4,000-year-old termite mounds found in Brazil

4,000-year-old termite mounds found in Brazil

The mounds cover an area the size of Great Britain

The mounds, which are easily visible on Google Earth, are not nests, according to the study published in the journal Current Biology. (Screengrab)

Researchers have found a vast array of regularly spaced termite mounds in Brazil, which are about 4,000 years old and cover an area the size of Great Britain.

The mounds, which are easily visible on Google Earth, are not nests, according to the study published in the journal Current Biology.

They are the result of the insects' slow and steady excavation of a network of interconnected underground tunnels, researchers said.

The termites' activities over thousands of years has resulted in huge quantities of soil deposited in about 200 million cone-shaped mounds, each about 2.5 metres tall and 9 metres across.

"These mounds were formed by a single termite species that excavated a massive network of tunnels to allow them to access dead leaves to eat safely and directly from the forest floor," said Stephen Martin of the University of Salford in the UK.

"The amount of soil excavated is over 10 cubic kilometers, equivalent to 4,000 great pyramids of Giza, and represents one of the biggest structures built by a single insect species," Martin said.

"This is apparently the world's most extensive bioengineering effort by a single insect species," said Roy Funch of Universidade Estadual de Feira de Santana in Brazil.

"Perhaps most exciting of all -- the mounds are extremely old -- up to 4,000 years, similar to the ages of the pyramids," Funch said.

The mounds are largely hidden from view in the fully deciduous, semiarid, thorny-scrub caatinga forests unique to northeastern Brazil.

They would only really come into view by "outsiders," including scientists, when some of the lands were cleared for pasture in recent decades.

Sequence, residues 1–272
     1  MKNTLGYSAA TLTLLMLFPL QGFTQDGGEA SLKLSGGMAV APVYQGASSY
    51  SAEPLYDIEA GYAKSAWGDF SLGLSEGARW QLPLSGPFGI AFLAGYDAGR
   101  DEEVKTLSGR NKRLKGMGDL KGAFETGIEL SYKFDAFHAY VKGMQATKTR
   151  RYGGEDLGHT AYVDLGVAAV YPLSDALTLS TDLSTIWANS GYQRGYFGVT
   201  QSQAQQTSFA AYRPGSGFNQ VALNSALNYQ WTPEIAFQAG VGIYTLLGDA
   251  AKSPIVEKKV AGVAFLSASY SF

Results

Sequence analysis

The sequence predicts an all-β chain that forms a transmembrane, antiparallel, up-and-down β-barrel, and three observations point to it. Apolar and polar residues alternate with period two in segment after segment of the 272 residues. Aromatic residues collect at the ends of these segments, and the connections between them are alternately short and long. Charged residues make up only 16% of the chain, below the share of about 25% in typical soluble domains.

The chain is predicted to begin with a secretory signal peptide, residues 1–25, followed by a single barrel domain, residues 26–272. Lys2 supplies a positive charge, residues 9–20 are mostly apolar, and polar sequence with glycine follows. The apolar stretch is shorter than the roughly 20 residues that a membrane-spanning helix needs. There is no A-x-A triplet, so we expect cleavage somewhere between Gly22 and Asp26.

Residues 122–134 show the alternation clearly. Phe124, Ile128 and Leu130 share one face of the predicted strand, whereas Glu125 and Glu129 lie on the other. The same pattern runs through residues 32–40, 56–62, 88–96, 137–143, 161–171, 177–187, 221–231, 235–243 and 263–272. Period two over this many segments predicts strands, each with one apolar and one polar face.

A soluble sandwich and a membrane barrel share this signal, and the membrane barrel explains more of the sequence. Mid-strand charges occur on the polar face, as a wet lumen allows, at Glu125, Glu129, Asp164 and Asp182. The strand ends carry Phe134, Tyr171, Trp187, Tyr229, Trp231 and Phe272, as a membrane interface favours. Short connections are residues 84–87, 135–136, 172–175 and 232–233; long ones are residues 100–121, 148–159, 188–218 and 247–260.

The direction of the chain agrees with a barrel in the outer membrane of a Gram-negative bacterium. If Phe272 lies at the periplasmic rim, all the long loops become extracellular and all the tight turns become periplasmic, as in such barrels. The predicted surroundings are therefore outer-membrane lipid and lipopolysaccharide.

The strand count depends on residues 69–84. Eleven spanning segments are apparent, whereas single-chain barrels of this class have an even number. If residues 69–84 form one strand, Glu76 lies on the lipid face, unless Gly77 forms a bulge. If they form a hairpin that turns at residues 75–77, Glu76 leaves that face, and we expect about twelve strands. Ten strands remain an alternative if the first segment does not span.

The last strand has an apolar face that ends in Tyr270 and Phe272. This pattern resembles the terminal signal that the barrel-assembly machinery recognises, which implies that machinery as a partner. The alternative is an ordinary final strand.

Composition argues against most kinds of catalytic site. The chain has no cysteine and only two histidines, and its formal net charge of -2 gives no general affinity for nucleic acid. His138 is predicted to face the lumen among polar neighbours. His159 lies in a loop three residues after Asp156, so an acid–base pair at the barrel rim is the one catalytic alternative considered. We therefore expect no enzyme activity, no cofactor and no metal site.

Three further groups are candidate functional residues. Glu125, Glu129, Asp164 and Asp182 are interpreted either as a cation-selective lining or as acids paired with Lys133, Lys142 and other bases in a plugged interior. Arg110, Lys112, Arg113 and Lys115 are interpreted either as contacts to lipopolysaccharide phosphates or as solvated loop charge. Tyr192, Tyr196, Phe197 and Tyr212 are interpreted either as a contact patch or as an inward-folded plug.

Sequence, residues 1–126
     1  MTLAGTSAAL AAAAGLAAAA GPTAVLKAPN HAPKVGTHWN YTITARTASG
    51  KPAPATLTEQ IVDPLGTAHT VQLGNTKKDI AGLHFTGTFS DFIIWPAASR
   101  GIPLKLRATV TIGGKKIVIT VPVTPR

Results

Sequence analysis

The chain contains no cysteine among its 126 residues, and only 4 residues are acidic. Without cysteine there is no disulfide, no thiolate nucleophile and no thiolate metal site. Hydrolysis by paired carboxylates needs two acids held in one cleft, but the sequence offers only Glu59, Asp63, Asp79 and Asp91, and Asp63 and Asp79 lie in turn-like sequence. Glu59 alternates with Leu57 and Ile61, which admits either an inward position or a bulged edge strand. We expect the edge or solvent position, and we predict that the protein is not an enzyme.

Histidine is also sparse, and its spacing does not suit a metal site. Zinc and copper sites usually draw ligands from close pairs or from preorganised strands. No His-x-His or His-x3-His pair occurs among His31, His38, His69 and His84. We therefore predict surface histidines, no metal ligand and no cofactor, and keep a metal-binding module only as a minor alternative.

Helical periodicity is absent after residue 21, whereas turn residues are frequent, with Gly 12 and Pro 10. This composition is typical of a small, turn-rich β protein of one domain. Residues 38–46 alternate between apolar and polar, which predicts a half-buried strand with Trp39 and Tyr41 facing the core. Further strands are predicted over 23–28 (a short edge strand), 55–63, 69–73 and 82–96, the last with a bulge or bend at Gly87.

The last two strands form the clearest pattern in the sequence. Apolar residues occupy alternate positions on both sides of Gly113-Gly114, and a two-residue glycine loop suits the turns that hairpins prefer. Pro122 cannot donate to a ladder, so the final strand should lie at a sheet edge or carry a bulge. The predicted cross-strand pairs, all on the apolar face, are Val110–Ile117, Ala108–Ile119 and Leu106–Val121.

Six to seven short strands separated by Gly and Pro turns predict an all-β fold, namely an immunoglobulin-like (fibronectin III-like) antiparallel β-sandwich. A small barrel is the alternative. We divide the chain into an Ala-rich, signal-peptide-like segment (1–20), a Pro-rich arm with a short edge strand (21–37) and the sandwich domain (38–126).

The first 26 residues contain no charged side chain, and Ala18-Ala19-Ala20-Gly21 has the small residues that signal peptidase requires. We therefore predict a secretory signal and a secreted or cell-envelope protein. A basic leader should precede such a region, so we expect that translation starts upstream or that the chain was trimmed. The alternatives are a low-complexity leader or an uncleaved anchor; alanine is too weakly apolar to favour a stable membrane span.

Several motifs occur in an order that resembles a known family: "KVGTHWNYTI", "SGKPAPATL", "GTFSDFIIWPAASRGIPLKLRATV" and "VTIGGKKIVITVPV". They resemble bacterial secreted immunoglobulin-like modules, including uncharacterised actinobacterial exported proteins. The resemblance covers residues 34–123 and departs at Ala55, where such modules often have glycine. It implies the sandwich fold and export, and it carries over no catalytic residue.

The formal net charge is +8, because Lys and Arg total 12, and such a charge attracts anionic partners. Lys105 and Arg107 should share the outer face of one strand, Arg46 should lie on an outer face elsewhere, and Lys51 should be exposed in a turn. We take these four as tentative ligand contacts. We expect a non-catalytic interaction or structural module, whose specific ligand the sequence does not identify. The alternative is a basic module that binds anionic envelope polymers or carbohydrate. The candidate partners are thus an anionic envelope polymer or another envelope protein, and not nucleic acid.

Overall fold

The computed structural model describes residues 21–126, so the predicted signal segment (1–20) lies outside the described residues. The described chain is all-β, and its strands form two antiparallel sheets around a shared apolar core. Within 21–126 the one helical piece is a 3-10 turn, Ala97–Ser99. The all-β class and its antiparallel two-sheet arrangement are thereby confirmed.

Soil samples collected from the centres of 11 mounds and dated indicated that the mounds were filled 690 to 3,820 years ago.

That makes them about as old as the world's oldest known termite mounds in Africa.

The researchers investigated whether the strangely regular spatial pattern of the mounds was driven by competition amongst termites in neighbouring mounds.

Their behavioural tests found little aggression at the mound level. That is compared to obvious aggression amongst termites collected at greater distances from one another.

The findings lead the researchers to suggest that the over-dispersed spatial mound pattern isn't generated by aggressive interactions.

Martin and his colleagues propose that the mound pattern arose through self-organisational processes facilitated by the increased connectivity of the tunnel network and driven by episodic leaf-fall in the dry forest.

They said that a pheromone map might allow the termites to minimise their travel time from any location in the colony to the nearest waste mound.

The vast tunnel network apparently allows safe access to a sporadic food supply, similar to what is been seen in naked mole-rats, which also live in arid regions and construct very extensive burrow networks to obtain food, researchers said.

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